Val Camonica and Lago d’Iseo
I love the lakes of the north of Italy–particularly the smaller ones. One of Italy’s lesser known yet spectacularly picturesque lakes is Lago d’Iseo. You may have seen news coverage of the 2016 installation entitled The Floating Piers by the artist Christo. He chose this setting for his artwork many years ago because of its splendor. The lake, much smaller than Lakes Como and Maggiore, maintains a quiet ambiance and slow pace. Its eastern shore and its island, Monte Isola, are dotted with small towns and fishing villages. Among its hidden secrets are multiple small churches that were frescoed in the 16th century by Girolamo Romani, known as Il Romanino.
In the 1530s Romanino began working on frescoes in various churches of Lake Iseo and Val Camonica. My favorite is in the town of Pisogne in chapel of Santa Maria della Neve in Pisogne. The frescoes here feature stories in the life of Christ. His work stands out among Renaissance artists, and it is characterized by a strong sense of realistic depiction of gestures, expressions and customs. This chapel was nicknamed by Giovanni Testori as the “Sistine Chapel of the Poor.” It truly merits that moniker: the scene of the Crucifixion and the several stories of Christ’s life are painted in a very accessible manner, seemingly asking for the emotional participation of the faithful.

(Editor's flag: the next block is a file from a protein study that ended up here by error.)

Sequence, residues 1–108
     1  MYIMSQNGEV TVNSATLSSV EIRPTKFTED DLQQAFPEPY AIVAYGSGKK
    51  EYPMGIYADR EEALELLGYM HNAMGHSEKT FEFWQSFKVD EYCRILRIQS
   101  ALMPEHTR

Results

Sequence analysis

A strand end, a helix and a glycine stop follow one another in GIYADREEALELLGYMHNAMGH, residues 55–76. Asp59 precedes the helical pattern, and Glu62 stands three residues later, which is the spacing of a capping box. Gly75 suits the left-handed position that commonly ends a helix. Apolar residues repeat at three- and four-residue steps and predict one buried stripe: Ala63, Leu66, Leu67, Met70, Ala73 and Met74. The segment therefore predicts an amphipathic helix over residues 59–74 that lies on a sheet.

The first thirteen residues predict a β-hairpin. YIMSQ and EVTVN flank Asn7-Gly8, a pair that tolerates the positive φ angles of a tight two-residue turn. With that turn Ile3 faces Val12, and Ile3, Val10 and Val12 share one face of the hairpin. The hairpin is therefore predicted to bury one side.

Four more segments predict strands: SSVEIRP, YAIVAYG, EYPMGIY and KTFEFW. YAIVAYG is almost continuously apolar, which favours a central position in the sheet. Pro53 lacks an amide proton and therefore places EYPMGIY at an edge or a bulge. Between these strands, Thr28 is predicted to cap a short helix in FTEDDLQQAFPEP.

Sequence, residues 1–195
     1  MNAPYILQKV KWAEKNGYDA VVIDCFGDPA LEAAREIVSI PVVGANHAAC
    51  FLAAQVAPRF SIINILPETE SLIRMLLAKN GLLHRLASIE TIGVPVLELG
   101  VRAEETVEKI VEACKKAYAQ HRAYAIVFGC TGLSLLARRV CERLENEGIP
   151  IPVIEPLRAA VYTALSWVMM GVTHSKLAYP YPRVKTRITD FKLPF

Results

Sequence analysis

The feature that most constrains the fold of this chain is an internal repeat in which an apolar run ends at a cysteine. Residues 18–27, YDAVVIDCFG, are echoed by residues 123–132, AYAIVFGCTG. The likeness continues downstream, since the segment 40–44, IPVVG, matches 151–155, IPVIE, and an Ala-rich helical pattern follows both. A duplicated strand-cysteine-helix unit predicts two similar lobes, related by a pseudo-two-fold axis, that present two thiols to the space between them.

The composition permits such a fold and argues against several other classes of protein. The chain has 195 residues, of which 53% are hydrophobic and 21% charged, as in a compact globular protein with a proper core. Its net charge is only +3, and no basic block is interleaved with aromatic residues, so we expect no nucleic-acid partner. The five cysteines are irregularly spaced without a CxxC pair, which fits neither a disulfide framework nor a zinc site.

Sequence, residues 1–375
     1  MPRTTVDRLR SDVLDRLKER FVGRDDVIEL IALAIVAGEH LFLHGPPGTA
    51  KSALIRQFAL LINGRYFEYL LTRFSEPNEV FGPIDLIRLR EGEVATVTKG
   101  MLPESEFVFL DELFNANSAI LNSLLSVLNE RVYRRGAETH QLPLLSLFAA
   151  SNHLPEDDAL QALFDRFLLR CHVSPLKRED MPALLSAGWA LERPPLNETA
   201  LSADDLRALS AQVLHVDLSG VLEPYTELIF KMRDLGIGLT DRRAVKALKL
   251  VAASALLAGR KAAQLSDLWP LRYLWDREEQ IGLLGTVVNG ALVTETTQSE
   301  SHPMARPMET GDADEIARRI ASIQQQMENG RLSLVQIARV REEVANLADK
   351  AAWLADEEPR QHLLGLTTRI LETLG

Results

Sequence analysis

“Everything is questioned here,” says Alessandro Nova. “The construction of space seems to almost ignore the rules of renaissance perspective; faces and bodies are deformed to the grotesque and the characters’ poses seem to sometimes derive from the experience of a Sacro Monte (a devotional pilgrimage), as if the artist was in search of a more direct and participatory spirituality, free from the rites of the institutionalized Church.” The scene of Jesus carrying the cross struck me in this direct and participatory way. Christ’s eyes look directly at the viewer, regardless of angle of approach to the fresco. It is as if he is either directly implicating my role in his sacrifice, or as if he is asking me to bear his cross.
While Lake Como is most famous among Americans and Lake Maggiore is the largest, I highly recommend a visit to Lago d’Iseo. The villages surround you with a quietude that makes whatever is going on in the rest of the world seem unimportant. If you do visit, please seek out the stunning Romanino masterpieces of the late Renaissance. I hope you enjoy these treasures as much as I do. Buon viaggio! …Chris Stephens
This section of La Rondine will feature special places in Italy shared by ICSTL members. A wealth of insights exists within our membership to enrich each other’s travels.
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